Similarly, salt symbolizes spiritual health and vigor (Matt 5:13) as well as healing (2 Kings 2:20) and God’s judgment (Gen 20:26).  In large quantities it can sterilize and destroy fields (Deut 29:23), while in very small amounts it can actually fertilize the soil (Luke 14:35).  It is widely recognized as a preservative and for seasoning, both of which provide richness to life and serves to prevent decay.  When placed directly onto a wound it will disinfect infection that may be there.  Is that not also part of the call of a Christian, to work to eliminate the evil around us for the common good, yet not loosing sight of our need to do all things in conformity to the Lordship of Jesus Christ, through love for our neighbor?  I believe the preservative and cleansing part of our call as Christians in this society has been weakened to accepting the evil around us through “peaceful co-existence” and non-involvement in the political process.  This then becomes a very narrow view of our responsibilities as Christian citizens.

Ultimately, we know the king’s heart is in the hand of the Lord (Prov 21:1) and He is sovereign in all things.  But we also know the Lord has given to us a special duty to exercise our vote for leadership in a godly manner.  The apostle Paul exercised his rights pro-actively as a citizen of Rome when it was needed (Acts 22:22-29), we must exercise our citizenship duty whenever and wherever we can for the good of all.  In doing so, even the act of voting must be done in a Christ-honoring way (1 Cor 10:31; Col 3:17).  I believe wisdom dictates we should be involved in voting at every opportunity and be an influence for righteousness.  However, I also believe amongst Christians there’s a certain amount of risk in having them vote.  I’ll pose a question I’d like you to consider:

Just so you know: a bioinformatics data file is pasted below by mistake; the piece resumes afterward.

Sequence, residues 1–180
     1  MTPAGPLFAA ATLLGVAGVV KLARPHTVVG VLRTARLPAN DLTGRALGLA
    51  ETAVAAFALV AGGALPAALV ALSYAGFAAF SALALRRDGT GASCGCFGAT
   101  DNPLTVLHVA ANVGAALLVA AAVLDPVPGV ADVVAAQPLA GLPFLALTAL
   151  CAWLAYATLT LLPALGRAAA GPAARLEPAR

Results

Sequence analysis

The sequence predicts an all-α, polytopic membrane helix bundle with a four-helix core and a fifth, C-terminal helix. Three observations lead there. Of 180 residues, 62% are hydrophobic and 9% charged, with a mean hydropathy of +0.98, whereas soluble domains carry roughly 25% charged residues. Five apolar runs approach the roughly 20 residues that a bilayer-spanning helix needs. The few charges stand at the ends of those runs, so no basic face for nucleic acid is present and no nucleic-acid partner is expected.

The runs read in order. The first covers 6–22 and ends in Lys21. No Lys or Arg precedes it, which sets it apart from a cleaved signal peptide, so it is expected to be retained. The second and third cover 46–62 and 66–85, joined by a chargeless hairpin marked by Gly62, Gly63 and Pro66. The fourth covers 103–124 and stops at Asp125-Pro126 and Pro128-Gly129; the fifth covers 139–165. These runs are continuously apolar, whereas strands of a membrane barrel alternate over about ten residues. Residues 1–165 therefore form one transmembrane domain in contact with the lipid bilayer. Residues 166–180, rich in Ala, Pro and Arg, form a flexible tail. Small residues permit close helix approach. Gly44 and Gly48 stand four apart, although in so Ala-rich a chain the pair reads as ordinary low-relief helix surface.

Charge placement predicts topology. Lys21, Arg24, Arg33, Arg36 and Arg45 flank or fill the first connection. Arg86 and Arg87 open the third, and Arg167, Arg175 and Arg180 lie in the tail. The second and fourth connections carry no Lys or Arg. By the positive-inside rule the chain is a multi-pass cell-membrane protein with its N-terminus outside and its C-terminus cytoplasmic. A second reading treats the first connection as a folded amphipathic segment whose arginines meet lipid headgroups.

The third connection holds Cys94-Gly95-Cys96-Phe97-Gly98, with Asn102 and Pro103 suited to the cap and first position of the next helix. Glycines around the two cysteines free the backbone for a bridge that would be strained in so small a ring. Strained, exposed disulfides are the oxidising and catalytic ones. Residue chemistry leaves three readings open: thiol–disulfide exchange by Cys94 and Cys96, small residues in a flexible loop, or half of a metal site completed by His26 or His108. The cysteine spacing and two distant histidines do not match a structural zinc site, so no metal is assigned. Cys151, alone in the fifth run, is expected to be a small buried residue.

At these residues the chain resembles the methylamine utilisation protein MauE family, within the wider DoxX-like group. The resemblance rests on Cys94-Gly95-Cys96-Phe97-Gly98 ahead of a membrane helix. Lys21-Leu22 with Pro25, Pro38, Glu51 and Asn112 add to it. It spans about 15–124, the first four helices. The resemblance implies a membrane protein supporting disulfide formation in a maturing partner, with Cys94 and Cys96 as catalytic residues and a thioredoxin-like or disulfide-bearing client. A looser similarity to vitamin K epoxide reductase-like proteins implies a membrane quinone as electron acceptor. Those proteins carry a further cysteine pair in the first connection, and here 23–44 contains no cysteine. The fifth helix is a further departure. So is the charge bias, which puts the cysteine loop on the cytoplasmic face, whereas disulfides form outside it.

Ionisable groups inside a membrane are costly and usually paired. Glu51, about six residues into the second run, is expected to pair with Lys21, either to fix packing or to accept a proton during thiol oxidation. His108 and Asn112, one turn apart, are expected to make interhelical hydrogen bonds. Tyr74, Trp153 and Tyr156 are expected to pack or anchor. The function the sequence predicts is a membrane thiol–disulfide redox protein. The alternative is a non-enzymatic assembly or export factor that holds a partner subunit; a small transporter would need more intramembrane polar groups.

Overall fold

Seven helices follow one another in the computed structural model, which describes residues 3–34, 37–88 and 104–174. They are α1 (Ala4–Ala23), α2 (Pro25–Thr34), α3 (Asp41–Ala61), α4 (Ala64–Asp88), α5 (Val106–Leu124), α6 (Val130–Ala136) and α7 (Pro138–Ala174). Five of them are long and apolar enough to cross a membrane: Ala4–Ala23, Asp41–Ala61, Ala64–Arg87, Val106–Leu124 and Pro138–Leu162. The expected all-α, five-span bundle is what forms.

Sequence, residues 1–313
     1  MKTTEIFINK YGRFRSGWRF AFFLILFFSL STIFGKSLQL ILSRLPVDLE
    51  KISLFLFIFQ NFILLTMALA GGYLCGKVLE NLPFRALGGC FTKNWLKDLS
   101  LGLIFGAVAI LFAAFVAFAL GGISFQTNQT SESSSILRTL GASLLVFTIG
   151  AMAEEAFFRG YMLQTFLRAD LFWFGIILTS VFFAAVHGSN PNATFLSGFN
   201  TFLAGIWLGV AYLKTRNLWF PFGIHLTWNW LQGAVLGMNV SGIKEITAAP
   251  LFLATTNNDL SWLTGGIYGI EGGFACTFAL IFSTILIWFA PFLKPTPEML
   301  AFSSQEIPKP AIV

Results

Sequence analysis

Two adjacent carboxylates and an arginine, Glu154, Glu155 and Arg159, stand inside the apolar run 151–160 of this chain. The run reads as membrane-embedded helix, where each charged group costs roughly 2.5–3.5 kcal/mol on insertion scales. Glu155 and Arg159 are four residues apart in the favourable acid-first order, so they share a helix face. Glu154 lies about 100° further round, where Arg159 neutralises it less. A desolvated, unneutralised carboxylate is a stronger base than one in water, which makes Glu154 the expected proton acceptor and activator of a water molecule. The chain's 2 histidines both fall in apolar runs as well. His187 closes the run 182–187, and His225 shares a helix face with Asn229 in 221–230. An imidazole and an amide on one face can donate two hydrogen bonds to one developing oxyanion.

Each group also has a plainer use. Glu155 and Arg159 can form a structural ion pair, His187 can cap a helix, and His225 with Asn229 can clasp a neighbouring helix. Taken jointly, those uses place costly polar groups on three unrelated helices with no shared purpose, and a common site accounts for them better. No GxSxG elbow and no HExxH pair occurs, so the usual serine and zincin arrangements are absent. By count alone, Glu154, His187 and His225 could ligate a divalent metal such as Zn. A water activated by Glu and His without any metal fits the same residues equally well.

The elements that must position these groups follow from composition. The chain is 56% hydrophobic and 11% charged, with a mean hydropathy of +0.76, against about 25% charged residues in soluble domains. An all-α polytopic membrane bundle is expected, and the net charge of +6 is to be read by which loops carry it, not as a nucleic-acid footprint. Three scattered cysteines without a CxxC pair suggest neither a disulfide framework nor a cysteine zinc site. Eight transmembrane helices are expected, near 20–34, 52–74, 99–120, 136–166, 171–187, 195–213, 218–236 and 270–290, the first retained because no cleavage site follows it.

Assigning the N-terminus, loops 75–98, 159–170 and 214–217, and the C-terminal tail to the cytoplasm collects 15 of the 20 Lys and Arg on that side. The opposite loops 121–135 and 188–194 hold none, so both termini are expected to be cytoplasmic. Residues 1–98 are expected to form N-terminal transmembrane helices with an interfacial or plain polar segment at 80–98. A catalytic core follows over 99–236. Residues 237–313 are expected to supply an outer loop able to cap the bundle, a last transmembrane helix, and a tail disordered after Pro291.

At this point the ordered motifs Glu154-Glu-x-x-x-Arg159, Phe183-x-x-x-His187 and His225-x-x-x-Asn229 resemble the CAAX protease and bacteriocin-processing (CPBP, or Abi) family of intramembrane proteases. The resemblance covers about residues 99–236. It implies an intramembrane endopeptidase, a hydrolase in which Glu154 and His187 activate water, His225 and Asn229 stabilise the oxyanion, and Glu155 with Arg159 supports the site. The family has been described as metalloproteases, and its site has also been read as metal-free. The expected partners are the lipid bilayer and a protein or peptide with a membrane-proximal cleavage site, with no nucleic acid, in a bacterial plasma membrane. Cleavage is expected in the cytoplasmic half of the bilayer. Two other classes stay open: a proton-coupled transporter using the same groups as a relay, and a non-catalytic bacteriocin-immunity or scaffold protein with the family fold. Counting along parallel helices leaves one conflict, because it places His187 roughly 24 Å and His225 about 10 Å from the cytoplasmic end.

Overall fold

“Which is better, a Christian that votes in an ignorant way,
or one that doesn’t vote at all?”

For too long, in my experience, many Christians have voted in an ignorant way.  For too long, we have allowed our lives and our thinking to be molded and directed by the ungodly influences around us instead of God’s righteous standards (Rom 10:2).  When ignorant Christians vote, they cancel each other out on average, so the ungodly have an even greater chance of prevailing.  When a Christian refuses to exercise his duty to vote (even though asked to do so by our nation), he in effect doubles the vote of the ungodly.  Either way the influence of those called to be salt and light in their influence in this nation is compromised.

I believe the only viable, the only wise, the only responsible approach for a Christian to take is to become informed on the issues of the day and to be thoroughly equipped to exercise their vote in a reasoned, Biblically based, defensible manner.  To do otherwise is abdicating our role of setting an example for those around us, and withdrawing into our own world instead of engaging the culture to honor Christ and restore good to the land – both in leadership and in justice.  To do less is to turn from our high calling to love our neighbor as ourselves (Matt 22:39) and to refuse to work for the peace and prosperity of the land (Jer 29:7), for our good and our neighbors good (Micah 6:8).